[NOTE: This entry has been edited as of 8:10 PM Eastern on 15 Dec to restore a missing parenthetical in the last graf.]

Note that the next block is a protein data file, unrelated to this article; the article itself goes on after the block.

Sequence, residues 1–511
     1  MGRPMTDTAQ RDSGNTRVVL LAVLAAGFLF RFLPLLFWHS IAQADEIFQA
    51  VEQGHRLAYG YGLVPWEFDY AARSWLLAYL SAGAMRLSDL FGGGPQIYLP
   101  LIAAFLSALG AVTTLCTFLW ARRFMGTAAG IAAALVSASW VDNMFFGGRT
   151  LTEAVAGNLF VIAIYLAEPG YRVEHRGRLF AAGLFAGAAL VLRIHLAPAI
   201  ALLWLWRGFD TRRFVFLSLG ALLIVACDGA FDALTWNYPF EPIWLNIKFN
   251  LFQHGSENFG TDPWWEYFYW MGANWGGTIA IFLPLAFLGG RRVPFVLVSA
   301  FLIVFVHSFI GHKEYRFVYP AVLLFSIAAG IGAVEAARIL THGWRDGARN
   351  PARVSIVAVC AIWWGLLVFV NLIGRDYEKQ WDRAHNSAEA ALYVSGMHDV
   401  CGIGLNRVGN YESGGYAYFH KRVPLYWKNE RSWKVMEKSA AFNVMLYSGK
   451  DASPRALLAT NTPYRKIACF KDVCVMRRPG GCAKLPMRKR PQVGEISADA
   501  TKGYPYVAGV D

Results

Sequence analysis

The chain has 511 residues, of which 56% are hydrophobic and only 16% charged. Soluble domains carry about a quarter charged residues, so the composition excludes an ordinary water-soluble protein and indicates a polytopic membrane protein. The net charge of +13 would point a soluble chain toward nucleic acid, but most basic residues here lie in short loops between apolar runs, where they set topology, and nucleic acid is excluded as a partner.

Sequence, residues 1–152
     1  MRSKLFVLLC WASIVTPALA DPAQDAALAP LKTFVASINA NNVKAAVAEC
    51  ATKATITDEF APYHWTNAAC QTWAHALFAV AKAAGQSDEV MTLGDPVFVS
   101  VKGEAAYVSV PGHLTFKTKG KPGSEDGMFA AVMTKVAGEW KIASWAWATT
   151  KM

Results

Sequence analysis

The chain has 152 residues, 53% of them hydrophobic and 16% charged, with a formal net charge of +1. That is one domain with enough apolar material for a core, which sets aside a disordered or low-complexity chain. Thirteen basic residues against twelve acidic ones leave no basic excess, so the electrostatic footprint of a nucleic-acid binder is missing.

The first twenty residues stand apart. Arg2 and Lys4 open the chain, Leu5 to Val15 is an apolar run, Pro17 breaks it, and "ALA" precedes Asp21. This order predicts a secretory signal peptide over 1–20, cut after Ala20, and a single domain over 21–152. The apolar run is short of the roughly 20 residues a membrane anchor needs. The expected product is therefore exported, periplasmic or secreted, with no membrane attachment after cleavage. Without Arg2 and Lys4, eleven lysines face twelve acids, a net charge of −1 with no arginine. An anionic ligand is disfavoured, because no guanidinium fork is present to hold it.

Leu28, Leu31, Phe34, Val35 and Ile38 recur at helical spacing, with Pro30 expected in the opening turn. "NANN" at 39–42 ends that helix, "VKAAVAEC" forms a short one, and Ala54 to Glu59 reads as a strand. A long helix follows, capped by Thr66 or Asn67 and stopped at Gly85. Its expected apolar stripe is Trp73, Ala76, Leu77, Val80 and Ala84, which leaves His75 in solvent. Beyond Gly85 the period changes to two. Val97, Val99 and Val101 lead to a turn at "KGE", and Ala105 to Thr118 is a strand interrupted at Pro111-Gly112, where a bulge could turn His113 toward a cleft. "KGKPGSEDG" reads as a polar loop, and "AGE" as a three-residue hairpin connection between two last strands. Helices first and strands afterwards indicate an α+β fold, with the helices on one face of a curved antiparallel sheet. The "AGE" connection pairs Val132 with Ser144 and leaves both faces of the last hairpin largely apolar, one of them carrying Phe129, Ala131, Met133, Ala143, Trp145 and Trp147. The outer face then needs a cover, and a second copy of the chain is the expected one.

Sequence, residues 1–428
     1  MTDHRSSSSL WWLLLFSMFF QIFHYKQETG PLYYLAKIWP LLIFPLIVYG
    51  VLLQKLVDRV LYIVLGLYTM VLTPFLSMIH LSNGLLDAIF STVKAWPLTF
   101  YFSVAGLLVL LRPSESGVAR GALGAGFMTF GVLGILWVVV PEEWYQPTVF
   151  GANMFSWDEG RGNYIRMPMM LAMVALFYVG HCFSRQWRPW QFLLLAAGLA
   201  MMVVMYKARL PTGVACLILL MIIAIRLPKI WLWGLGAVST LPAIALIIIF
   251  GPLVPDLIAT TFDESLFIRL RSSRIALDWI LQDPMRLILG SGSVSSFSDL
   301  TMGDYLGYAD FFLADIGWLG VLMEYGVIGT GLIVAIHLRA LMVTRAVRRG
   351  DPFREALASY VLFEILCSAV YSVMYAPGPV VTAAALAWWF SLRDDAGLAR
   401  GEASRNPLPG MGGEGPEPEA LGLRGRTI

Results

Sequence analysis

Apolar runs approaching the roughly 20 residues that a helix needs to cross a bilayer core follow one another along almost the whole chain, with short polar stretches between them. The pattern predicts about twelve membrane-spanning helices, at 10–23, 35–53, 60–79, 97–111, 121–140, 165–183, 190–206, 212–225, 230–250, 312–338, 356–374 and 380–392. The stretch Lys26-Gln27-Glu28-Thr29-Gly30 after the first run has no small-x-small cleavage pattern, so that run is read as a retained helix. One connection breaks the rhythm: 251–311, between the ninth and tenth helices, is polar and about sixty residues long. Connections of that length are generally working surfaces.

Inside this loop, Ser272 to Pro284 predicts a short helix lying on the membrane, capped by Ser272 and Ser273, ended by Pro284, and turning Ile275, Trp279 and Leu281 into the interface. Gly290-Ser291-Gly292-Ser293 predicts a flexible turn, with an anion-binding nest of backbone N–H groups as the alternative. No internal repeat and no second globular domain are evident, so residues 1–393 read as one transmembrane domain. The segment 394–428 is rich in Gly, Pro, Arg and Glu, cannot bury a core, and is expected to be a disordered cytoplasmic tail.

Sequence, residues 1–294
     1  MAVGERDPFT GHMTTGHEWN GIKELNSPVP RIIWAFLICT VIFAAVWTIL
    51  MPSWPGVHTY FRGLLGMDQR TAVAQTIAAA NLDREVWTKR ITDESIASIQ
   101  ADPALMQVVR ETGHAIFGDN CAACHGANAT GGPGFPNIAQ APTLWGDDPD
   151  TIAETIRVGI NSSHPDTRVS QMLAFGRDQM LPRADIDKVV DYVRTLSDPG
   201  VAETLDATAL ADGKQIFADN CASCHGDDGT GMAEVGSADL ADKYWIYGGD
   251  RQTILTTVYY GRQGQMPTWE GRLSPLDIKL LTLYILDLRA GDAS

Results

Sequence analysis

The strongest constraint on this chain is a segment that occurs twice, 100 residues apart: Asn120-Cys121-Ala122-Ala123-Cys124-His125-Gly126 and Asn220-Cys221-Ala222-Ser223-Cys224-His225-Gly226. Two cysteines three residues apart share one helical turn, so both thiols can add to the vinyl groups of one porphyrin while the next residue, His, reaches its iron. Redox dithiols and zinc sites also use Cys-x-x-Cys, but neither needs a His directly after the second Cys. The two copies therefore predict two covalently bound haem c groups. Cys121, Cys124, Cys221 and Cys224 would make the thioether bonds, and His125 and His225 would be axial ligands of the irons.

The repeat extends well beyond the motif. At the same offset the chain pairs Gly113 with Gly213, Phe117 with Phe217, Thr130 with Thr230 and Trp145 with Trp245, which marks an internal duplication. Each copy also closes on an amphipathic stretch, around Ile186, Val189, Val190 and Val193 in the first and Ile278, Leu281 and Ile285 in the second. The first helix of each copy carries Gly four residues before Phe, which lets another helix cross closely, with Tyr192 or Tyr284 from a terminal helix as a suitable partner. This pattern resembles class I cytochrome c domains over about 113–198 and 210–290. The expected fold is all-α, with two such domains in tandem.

I sat myself down a few days ago to give myself a good talking to. "With each passing day, ACD, you're beginning to appear more and more like a reactionary middle-brow bourgeois where it concerns the domain of classical music," I admonished myself. "More and more you come down on the side polarly opposite the card-carrying Smart Set (CCSS or simply SS) in classical music — i.e., the professional practitioners, print-published classical music critics, and so-called "progressive" classical music bloggers — and, to be perfectly blunt about it, you're beginning to piss me off. Wake up and smell the proverbial coffee! Get a grip! You're fast beginning to appear a champion of the flat-earthers where classical music is concerned." I confess I had to agree with my Admonishing Self. But things are even more dire than my Admonishing Self imagined. I daily find myself more and more beginning to feel resentment against and contempt for the classical music SS; to feel they're doing the domain of classical music not only a disservice but real harm in their appreciation and championing of postmodern idiocies such as the idiocies of the avant-garde that include the embracing of Cagean and Stockhausean and Minimalist (uppercase M) aesthetics; idiocies such as the falsifications and absurdities of Eurotrash (i.e., Konzept) Regietheater (Regieoper); idiocies such as the denial of and the declaring null and void the by-their-very-nature-generated boundary line between classical and pop musics; idiocies such as the idea of effectively transforming the classical music concert hall into a quasi-mosh pit on the grounds that it will free the audience to experience and enjoy the music more fully and will, in addition, bring into the concert hall a new and younger audience; etc., etc., etc. Well, it seems there's no help for me. That all the above makes me appear a reactionary middle-brow bourgeois where the domain of classical music is concerned is undeniable and I must accept that as there's nothing for it until such time — if ever such time arrives, as improbable as that may be — as I can honestly appreciate and champion what the current classical music SS now appreciates and champions. Until that time what I must earnestly strive to do is find an honorable and honest way to not feel resentment against and contempt for the current classical music SS. After all, I've no reason to suspect that SS of being dishonorable or dishonest in their enthusiasms (other than, perhaps, a subconscious falling victim to a persistent if subterranean fear of appearing in a 22nd-century edition of Slonimsky) and they have as much right to hold them as I have to reject them (the enthusiasms, that is). A new year will presently be upon us, the traditional time for the making of resolutions. Let that be my very first.